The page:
Dr. Joshua Cinner
Principal Research Fellow
Research & Innovation, ARC Centre of Excellence for Coral Reef Studies, James Cook University

Dr. Joshua Cinner grew up in Amherst, Massachusetts, USA. He completed a Master’s degree in Marine Affairs from the University of Rhode Island in 2000, and received a PhD from James Cook University in 2006. His research focuses on using social science to improve coral reef management. The interest in this field began in 1996 while working as a US Peace Corps Volunteer in the Montego Bay Marine Park in Jamaica, where he witnessed first hand how conventional conservation strategies were failing because they did not understand or reflect the social, economic, and cultural needs of resource users.

He has since worked with various coastal peoples in the Pacific Islands, South East Asia, East Africa, and the Caribbean to better understand how socioeconomic factors influence the ways in which people use, perceive, and govern coral reefs.

Joshua's work draws together a wide range of social science disciplines (including human geography, common property, anthropology, and conservation policy) and he often works closely with ecologists on interdisciplinary research topics. Increasingly, his research is moving beyond the case study approach toward a ‘big picture’ comparative exploration of human-environment interactions.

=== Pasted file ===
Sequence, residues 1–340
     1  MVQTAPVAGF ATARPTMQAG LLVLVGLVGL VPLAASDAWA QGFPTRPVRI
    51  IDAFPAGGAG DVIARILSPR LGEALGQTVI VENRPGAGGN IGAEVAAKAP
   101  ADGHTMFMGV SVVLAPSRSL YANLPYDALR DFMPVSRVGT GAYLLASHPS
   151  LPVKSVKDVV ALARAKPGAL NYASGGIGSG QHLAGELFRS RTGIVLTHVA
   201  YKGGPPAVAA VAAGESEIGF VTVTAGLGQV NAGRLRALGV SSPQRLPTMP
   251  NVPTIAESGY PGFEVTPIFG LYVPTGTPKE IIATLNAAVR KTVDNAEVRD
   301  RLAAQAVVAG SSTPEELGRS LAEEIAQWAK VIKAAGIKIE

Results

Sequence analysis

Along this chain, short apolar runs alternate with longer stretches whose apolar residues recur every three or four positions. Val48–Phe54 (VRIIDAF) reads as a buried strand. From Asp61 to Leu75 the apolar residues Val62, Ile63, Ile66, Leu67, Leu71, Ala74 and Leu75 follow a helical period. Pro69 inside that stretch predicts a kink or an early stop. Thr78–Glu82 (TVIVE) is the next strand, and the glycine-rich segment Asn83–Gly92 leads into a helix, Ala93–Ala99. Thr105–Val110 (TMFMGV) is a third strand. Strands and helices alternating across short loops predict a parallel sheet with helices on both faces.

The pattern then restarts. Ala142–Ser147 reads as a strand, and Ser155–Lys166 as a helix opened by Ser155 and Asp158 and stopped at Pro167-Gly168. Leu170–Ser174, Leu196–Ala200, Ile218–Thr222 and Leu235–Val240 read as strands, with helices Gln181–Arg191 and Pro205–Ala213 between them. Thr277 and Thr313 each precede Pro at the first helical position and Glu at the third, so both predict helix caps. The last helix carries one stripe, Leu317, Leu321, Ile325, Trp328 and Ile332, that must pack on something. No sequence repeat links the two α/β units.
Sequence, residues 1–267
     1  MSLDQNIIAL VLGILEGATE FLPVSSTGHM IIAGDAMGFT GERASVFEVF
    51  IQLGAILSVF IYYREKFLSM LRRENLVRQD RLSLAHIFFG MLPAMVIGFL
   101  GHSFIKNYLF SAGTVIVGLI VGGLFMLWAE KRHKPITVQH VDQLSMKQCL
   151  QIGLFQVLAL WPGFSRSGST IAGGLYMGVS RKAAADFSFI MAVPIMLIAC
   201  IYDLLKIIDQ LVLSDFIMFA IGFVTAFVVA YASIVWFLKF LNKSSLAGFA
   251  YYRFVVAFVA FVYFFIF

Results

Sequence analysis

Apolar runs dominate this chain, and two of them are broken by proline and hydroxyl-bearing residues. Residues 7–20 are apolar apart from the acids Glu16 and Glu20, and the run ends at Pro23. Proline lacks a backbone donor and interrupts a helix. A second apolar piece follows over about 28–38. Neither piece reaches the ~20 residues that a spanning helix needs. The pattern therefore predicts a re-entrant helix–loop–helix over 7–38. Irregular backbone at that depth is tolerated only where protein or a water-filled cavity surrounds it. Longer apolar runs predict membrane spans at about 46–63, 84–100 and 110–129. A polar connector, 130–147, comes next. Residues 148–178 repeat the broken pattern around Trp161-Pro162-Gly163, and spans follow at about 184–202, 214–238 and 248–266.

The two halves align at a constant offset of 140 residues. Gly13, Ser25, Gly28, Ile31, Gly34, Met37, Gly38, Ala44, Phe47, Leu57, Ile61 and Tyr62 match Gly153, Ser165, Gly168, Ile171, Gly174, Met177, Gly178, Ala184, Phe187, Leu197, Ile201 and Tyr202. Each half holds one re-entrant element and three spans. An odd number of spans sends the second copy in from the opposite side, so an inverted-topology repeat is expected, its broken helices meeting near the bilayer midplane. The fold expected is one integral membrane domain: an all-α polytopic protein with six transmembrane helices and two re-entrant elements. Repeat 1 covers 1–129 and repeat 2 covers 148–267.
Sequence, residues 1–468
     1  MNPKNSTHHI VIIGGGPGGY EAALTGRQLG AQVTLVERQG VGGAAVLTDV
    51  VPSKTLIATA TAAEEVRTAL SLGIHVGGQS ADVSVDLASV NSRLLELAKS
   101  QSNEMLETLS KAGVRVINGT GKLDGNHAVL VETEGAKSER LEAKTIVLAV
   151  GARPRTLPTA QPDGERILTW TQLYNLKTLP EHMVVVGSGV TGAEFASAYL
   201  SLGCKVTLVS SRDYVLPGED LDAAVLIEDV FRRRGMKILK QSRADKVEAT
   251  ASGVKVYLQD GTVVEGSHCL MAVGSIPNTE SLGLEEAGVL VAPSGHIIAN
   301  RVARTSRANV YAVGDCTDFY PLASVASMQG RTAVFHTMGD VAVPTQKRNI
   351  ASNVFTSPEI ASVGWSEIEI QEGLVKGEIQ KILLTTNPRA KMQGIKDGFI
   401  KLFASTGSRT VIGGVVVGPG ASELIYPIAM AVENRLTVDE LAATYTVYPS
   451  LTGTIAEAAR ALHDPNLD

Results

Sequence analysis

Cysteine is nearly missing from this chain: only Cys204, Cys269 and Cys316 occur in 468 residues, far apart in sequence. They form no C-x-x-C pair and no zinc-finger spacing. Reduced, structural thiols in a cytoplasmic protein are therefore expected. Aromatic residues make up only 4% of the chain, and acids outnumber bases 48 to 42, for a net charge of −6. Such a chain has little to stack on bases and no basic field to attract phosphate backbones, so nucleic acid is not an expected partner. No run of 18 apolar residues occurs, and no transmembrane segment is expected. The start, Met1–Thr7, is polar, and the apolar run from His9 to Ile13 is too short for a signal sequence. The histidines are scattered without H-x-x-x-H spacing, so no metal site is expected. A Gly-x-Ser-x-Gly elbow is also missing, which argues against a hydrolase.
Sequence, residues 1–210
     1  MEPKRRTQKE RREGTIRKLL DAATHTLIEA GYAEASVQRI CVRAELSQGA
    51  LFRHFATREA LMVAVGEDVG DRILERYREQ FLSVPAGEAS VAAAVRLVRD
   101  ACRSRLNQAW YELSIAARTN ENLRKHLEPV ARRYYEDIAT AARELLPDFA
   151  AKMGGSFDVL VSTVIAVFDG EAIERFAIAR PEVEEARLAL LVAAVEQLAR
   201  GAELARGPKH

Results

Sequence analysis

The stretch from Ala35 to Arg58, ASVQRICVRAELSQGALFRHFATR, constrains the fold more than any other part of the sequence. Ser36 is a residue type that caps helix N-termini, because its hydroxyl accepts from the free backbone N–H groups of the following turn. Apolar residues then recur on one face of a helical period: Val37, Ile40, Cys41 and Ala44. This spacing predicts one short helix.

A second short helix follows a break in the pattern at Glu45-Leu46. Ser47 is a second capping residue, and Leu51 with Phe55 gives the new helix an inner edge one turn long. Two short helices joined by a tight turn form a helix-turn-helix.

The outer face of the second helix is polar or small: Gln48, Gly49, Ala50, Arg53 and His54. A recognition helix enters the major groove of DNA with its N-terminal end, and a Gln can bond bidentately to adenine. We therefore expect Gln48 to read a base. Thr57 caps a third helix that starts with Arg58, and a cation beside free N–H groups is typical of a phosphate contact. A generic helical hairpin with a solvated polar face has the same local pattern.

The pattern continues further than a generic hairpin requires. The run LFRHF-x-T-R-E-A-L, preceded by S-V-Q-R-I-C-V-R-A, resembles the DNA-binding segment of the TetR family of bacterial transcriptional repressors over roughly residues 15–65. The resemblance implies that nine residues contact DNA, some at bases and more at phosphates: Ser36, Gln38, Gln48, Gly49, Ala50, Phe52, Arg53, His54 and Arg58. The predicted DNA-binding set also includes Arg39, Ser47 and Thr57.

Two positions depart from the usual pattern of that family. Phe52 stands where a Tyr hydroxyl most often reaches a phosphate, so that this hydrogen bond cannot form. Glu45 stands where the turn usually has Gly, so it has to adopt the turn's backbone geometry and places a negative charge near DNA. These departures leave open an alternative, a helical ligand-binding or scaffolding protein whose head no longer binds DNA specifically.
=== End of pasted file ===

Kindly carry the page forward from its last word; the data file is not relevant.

Abstract

Human actions and social structures profoundly influence ecological dynamics, and vice-versa. These linked dynamics have profound implications for sustaining ecosystems and the livelihoods of people that depend on them. Yet, social science and ecology are rarely brought together, particularly on the coast.  In this talk, I highlight some of the interdisciplinary efforts my research group and I have taken to link coastal human-environment systems.  First, I identify key ecological tipping points for ecosystem-based fisheries management, and show how different types of governance arrangements perform. Second, I examine key drivers of overexploitation, highlighting how proximity to markets profoundly shapes the condition of reef fisheries. Third, I describe the socioeconomic and institutional conditions that can lead to more successful outcomes for both people and ecosystems. Finally, I highlight how end-users (including coastal communities, governments, and intergovernmental organizations) have applied this research and describe the directions I would like to pursue in the future.